TALLADEGA, Ala. -- Reminders of Dale Earnhardt are everywhere at Talladega Superspeedway.
His No. 3 is written on just about anything that can hold paint or chalk. And clothing of every fashion carries the number, name or likeness of the late racing great.
Most of all, though, The Intimidator is missed on Talladega's 2.66-mile oval, where he was considered the absolute master.
Whether Earnhardt could actually see the air currents swirling around the race cars, as car owner Richard Childress has suggested, is open to debate. But there is no question that no one was better than Earnhardt, who had a record 10 Winston Cup victories on NASCAR's biggest and fastest track.
Earnhardt, who died in a crash Feb. 18 in the Daytona 500, loudly decried the restrictor-plate racing at Talladega and Daytona -- saying the idea in the sport is to go as fast as you can as long as you can -- even as he became its most proficient performer.
''At these plate tracks, I always told people you just find that car with the No. 3 on the back and follow it,'' said Mike Skinner, Earnhardt's teammate at Richard Childress Racing.
Dale Jarrett, a winner of three of the last four Cup events and the series points leader, has been thinking about Earnhardt all week.
''Dale was always the guy that, if you were going to win this race, you had to beat him,'' said Jarrett, who edged Earnhardt twice in memorable Daytona finishes. ''Sometimes he didn't have the best car, but he ended up being the best driver most of the time and could get to the front.''
The plates used at Talladega and Daytona slow the cars by restricting airflow to the carburetor. Instead of racing at speeds well above 200, the Cup cars are dampened down to about 190. Because of that, they are bunched in long, tight, frightening packs.
Aerodynamic rules changes midway through 2000 made it even more competitive at Talladega and Daytona, allowing the cars to use the air flow that Earnhardt knew so well to pass virtually at will. It played right into his hands.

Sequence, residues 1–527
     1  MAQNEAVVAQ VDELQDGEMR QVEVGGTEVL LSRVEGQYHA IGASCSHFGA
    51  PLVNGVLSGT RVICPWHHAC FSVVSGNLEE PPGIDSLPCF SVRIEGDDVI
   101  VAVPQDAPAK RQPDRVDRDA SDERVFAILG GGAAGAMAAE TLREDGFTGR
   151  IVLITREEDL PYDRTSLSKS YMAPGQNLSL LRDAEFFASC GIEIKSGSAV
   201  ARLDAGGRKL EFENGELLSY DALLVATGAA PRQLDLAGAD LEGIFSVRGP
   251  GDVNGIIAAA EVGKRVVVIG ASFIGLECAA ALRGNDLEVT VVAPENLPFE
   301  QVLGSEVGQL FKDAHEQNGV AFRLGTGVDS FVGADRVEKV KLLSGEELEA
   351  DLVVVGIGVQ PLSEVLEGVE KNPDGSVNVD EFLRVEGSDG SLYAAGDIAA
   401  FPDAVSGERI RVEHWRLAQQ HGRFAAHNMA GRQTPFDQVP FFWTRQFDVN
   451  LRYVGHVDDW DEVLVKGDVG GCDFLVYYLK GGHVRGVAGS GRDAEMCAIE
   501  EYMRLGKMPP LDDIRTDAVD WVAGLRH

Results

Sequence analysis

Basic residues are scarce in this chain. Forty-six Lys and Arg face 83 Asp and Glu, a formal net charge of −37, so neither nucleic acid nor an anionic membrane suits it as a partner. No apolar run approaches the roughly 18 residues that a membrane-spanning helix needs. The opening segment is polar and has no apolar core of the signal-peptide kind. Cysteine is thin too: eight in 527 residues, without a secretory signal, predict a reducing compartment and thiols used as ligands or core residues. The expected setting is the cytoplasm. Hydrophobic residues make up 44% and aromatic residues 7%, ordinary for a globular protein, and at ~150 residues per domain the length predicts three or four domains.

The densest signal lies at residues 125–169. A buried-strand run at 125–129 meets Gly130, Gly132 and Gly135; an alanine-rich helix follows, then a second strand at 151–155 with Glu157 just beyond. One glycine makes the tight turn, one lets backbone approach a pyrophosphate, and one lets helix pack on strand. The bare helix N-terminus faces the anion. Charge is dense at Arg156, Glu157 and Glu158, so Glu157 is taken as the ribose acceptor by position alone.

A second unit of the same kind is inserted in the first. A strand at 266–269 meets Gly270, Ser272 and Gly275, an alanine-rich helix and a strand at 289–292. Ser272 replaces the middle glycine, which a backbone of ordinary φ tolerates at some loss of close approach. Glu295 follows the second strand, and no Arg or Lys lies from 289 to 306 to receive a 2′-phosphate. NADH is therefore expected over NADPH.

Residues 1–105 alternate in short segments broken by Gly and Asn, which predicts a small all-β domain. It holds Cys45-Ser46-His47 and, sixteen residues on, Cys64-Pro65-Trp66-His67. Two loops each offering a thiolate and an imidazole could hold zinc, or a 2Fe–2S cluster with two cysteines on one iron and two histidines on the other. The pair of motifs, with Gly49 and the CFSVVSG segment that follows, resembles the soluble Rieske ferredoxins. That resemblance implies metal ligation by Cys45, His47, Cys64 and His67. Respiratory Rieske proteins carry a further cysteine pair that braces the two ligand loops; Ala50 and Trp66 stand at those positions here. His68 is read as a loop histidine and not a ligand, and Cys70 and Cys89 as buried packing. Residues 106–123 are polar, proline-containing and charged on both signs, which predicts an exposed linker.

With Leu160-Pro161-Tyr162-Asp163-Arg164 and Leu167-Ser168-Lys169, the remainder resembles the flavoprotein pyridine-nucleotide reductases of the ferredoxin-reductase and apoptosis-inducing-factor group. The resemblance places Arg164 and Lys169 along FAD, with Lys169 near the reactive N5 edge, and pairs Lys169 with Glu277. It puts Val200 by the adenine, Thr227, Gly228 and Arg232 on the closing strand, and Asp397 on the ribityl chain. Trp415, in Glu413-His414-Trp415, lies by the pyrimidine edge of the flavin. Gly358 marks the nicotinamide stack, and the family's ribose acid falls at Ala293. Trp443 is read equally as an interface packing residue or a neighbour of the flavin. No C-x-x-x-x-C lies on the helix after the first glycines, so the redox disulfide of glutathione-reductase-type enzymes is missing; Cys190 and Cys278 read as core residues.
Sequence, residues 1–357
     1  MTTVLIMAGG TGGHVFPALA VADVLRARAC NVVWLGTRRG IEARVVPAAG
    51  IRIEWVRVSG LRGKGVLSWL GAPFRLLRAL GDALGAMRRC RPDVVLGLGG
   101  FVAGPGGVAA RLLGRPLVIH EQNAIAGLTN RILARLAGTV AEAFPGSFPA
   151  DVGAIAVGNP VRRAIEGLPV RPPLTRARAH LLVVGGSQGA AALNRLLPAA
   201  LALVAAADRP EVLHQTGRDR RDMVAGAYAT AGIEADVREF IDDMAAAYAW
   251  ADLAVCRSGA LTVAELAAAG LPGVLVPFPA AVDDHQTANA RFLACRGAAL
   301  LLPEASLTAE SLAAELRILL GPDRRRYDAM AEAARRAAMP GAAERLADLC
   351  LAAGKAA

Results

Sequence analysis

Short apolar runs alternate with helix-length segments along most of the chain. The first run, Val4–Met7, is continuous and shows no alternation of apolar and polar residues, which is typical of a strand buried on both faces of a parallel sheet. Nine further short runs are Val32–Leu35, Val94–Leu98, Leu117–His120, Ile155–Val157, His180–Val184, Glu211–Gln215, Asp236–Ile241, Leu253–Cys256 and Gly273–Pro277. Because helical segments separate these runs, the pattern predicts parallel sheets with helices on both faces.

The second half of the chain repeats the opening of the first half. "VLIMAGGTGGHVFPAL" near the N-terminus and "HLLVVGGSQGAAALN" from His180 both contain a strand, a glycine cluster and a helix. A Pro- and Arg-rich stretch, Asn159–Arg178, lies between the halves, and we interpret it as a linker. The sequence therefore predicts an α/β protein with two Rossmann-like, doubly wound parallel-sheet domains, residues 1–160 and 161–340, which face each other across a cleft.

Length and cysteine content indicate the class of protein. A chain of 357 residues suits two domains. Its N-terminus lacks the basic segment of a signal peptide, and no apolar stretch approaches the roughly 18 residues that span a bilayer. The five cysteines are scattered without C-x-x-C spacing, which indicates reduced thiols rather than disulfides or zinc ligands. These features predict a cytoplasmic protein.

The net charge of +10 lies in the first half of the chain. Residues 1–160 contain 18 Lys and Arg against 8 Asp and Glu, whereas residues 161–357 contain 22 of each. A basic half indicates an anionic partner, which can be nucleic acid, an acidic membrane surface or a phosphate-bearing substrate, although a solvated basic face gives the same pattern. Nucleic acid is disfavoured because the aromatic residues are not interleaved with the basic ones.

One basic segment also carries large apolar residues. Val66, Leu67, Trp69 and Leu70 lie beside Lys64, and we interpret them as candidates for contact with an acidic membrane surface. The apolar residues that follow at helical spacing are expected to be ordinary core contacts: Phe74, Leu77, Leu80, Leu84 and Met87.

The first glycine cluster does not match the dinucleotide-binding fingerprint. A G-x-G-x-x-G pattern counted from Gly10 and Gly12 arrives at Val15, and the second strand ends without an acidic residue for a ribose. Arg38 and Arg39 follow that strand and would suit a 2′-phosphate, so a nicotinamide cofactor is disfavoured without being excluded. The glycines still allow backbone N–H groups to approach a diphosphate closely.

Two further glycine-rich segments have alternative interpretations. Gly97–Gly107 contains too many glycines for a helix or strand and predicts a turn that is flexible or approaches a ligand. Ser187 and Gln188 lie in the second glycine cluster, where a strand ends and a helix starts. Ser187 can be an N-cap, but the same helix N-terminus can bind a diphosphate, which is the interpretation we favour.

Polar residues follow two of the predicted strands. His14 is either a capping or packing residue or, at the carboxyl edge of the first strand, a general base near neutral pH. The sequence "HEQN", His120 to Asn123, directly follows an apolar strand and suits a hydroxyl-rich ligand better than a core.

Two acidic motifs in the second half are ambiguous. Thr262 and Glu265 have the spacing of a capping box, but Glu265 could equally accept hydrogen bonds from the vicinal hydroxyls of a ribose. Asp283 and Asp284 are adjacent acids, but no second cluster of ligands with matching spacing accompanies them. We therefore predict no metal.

Last October, in the first race with the new rules, there were 49 lead changes at Talladega as the field raced three, four -- sometimes even five-wide.
Speedway officials might as well have removed the seats from the grandstands, because the fans rarely used them. Many stood from green flag to checker.
Earnhardt saved the best for last that day, somehow racing from 18th to first over the final five laps as the crowd howled its appreciation.
Daytona was more of the same, with 49 more lead changes -- and Sunday's race is expected to be a repeat.
With the huge packs always comes anticipation of the big crash that is commonplace in plate races, making the drivers edgy and anxious.
In October, the drivers somehow got to the end at Talladega without a major melee, but a 19-car crash marred Daytona before the last-lap, three-car accident in which Earnhardt was killed.
There was a 13-car crash Saturday in the Subway 300, the Busch Series race at Talladega. The Busch cars also run with restrictor plates.
Jarrett says the key to a safe plate race is always patience -- a commodity that can be scarce as the tense race goes on.
''It's a tall order to ask 43 guys that race for a living to be patient for 500 miles,'' he said.
The 1999 series champion pointed out that part of the problem here is that anyone could win.
''You look down the list of winners and you see a number of guys that have won here for the first time, and some that have won here for the only time in their Winston Cup career,'' Jarrett explained. ''So that literally gives everybody in the field the opportunity to win here and, for some, it may seem that this is their chance for the year.''
That can be a problem.
''The patience can run a little bit thin for those people because they're seeing that opportunity and they want to make things happen,'' Jarrett said.
That also makes racing at Talladega a nerve-racking weekend for many of the competitors.
''I lose about two years off the end of my life every time we come here,'' said Tony Stewart, who flipped and landed on top of defending series champion Bobby Labonte's car in the big Daytona wreck.
Polesitter Stacy Compton sees the big wreck as almost inevitable.
''You know it's going to happen,'' he said. ''Hopefully, you can get through it. There's nothing you can do to avoid it at this point. You just go out there and race as hard as you can race and, hopefully, you don't get caught up in it.''
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